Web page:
In pregnancy, this sign normally disappears due to increased surface blood flow. Raynaud has occurred in breastfeeding mothers, causing nipples to turn white and painful.
Distinguishing Raynaud’s disease (primary Raynaud’s) from Raynaud’s phenomenon (secondary Raynaud’s) is important. Looking for signs of arthritis or vasculitis, as well as a number of laboratory tests, may separate them. Nail fold capillary examination or “capillaroscopy” is one of the most sensitive methods to diagnose RS with connective tissue disorders, i.e. distinguish a secondary from a primary form objectively.
If suspected to be secondary to systemic sclerosis, one tool which may help aid in the prediction of systemic sclerosis is thermography.
A careful medical history will seek to identify or exclude possible secondary causes.
- Digital artery pressures are measured in the arteries of the fingers before and after the hands have been cooled. A decrease of at least 15 mmHg is diagnostic (positive).
- Doppler ultrasound to assess blood flow
- Full blood count may reveal normocytic anemia suggesting the anemia of chronic disease or kidney failure.
- Blood tests for urea and electrolytes may reveal kidney impairment.
- Thyroid function tests may reveal hypothyroidism.
- Tests for rheumatoid factor, erythrocyte sedimentation rate, C-reactive protein, and autoantibody screening may reveal specific causative illnesses or an inflammatory process. Anti-centromere antibodies are common in limited systemic sclerosis (CREST syndrome).
- Nail fold vasculature (capillaroscopy) can be examined under a microscope.
To aid in the diagnosis of Raynaud’s phenomenon, multiple sets of diagnostic criteria have been proposed. Table 1 below provides a summary of these various diagnostic criteria.
Recently, International Consensus Criteria were developed for the diagnosis of primary Raynaud’s phenomenon by a panel of experts in the fields of rheumatology and dermatology.
Secondary Raynaud’s is managed primarily by treating the underlying cause, and as primary Raynaud’s, avoiding triggers, such as cold, emotional, and environmental stress, vibrations, and repetitive motions, and avoiding smoking (including passive smoking) and sympathomimetic drugs.
Medications can be helpful for moderate or severe diseases.
- Vasodilators – calcium channel blockers, such as dihydropyridines nifedipine or amlodipine, preferably slow-release preparations – are often first-line treatments. They have the common side effects of headache, flushing, and ankle edema, but these are not typically of sufficient severity to require cessation of treatment. The limited evidence available shows that calcium-channel blockers are only slightly effective in reducing how often the attacks happen. Although, other studies also reveal that CCBs may be effective at decreasing the severity of attacks, pain, and disability associated with Raynaud’s phenomenon. People whose disease is secondary to erythromelalgia often cannot use vasodilators for therapy, as they trigger ‘flares’ causing the extremities to become burning red due to too much blood supply.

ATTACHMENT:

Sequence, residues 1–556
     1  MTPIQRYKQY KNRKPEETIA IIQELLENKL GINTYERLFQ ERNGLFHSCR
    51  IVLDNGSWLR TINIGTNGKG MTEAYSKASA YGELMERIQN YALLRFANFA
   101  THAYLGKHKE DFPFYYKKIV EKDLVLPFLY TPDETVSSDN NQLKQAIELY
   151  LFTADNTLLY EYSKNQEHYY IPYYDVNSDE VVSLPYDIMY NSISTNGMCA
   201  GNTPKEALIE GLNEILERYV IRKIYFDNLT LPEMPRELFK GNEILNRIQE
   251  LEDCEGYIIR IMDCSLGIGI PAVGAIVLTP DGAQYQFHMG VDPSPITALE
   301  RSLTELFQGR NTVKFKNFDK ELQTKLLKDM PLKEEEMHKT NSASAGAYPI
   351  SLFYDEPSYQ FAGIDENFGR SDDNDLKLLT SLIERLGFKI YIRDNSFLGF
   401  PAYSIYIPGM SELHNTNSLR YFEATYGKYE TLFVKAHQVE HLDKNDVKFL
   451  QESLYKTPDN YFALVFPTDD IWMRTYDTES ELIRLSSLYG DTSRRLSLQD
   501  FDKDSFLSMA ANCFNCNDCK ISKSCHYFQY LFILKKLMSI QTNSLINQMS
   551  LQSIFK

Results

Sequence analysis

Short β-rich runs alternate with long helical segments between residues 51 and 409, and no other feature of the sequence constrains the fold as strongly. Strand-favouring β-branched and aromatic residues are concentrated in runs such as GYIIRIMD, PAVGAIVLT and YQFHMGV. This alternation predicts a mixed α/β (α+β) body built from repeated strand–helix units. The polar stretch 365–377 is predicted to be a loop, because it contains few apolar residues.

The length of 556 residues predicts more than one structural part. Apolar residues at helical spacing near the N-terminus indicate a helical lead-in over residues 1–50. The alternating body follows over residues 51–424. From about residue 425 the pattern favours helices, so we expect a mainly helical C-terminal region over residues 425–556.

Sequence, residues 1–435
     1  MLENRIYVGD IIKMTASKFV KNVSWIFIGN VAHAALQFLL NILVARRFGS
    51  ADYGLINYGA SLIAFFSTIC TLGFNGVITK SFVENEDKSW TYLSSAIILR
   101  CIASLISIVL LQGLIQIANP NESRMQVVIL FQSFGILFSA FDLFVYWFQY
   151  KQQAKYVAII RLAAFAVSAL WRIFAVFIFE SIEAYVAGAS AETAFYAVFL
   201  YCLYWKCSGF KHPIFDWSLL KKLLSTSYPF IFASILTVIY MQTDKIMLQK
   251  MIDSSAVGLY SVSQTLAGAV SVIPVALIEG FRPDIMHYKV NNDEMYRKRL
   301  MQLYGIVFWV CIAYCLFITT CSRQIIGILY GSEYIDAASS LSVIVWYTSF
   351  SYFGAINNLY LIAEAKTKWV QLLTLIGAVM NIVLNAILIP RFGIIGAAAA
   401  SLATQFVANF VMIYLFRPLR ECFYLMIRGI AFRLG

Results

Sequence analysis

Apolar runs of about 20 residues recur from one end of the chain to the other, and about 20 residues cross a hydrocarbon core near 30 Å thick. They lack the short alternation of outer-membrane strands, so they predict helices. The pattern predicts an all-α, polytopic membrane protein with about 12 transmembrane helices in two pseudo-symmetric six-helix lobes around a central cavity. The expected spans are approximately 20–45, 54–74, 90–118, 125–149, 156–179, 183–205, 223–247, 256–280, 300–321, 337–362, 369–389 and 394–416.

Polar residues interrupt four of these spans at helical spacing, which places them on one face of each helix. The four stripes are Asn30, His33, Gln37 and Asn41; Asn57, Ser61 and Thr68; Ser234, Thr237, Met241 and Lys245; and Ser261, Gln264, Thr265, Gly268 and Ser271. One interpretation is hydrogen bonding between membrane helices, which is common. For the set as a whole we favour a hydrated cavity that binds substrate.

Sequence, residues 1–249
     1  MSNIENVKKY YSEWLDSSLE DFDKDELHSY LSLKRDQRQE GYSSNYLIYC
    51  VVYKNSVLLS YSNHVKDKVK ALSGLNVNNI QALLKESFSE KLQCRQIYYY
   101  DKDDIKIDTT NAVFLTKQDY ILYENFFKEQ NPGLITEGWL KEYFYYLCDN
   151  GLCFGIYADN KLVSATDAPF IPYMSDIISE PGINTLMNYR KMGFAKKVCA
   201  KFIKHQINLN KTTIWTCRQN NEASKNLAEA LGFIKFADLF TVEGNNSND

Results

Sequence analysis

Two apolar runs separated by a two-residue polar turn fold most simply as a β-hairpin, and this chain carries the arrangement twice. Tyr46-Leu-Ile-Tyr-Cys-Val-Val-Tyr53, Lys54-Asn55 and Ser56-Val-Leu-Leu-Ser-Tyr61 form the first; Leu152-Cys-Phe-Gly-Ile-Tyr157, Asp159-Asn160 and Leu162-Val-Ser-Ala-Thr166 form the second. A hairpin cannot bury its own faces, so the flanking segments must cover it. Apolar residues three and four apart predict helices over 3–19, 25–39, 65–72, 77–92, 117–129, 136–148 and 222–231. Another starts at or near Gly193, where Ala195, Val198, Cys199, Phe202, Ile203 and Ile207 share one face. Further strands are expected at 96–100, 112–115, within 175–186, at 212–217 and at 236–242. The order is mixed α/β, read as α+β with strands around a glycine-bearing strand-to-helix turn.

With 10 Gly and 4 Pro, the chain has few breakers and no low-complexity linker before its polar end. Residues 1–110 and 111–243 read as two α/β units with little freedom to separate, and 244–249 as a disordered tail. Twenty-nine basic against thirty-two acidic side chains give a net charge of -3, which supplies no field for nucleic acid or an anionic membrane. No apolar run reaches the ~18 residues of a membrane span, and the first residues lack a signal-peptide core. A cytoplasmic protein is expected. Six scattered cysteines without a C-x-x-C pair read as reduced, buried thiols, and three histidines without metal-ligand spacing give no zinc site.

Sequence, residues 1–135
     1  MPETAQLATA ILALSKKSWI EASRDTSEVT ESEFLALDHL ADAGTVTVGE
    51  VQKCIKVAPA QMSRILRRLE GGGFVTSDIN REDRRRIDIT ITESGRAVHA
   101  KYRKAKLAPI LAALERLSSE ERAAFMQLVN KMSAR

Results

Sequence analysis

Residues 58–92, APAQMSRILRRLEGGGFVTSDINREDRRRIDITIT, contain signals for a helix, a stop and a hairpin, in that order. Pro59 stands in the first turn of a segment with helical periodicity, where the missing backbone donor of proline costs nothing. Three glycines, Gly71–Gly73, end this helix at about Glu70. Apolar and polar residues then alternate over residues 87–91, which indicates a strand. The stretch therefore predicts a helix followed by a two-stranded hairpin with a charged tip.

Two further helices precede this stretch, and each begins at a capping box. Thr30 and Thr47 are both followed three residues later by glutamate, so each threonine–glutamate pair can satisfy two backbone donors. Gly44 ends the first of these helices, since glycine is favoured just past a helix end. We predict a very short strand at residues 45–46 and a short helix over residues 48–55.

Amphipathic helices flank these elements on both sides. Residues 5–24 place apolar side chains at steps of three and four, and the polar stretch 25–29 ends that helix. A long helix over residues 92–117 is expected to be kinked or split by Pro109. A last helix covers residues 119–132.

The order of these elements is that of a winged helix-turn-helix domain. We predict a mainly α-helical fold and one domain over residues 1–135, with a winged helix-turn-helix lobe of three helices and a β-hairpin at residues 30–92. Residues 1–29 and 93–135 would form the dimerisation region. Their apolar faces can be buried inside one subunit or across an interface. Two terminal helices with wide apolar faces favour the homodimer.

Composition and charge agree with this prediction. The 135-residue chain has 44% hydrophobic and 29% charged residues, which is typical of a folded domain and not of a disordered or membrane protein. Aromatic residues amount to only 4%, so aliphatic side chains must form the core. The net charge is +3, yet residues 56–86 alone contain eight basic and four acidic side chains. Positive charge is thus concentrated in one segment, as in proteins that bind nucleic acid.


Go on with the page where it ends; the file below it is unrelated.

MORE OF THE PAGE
- People with severe disease prone to ulceration or large artery thrombotic events may be prescribed aspirin.
- Sympatholytic agents, such as the alpha-adrenergic blocker prazosin, may provide temporary relief to secondary Raynaud’s phenomenon.
- Losartan can, and topical nitrates may reduce the severity and frequency of attacks, and the phosphodiesterase inhibitors sildenafil and tadalafil may reduce their severity.
- Angiotensin receptor blockers or ACE inhibitors may aid blood flow to the fingers, and some evidence shows that angiotensin receptor blockers (often losartan) reduce the frequency and severity of attacks, and possibly better than nifedipine.
- The prostaglandin iloprost is used to manage critical ischemia and pulmonary hypertension in Raynaud’s phenomenon, and the endothelin receptor antagonist bosentan is used to manage severe pulmonary hypertension and prevent finger ulcers in scleroderma.
- Statins have a protective effect on blood vessels, and SSRIs such as fluoxetine may help symptoms, but the data is weak.
- PDE5 inhibitors are used off-label to treat severe ischemia and ulcers in fingers and toes for people with secondary Raynaud’s phenomenon; as of 2016, their role more generally in Raynaud’s was not clear.
- In severe cases, an endoscopic thoracic sympathectomy procedure can be performed. Here, the nerves that signal the blood vessels of the fingertips to constrict are surgically cut. Microvascular surgery of the affected areas is another possible therapy, but this procedure should be considered a last resort.
- A more recent treatment for severe Raynaud’s is the use of botulinum toxin. The 2009 article studied 19 patients ranging in age from 15 to 72 years with severe Raynaud’s phenomenon of which 16 patients (84%) reported pain reduction at rest; 13 patients reported immediate pain relief, and three more had gradual pain reduction over 1–2 months. All 13 patients with chronic finger ulcers healed within 60 days. Only 21% of the patients required repeated injections. A 2007 article describes similar improvement in a series of 11 patients. All patients had significant relief from pain.
Evidence does not support the use of alternative medicine, including acupuncture and laser therapy.
The prognosis of primary Raynaud syndrome is often very favorable, with no mortality and little morbidity. However, a minority develops gangrene. The prognosis of secondary Raynaud is dependent on the underlying disease, and how effective blood flow-restoring maneuvers are.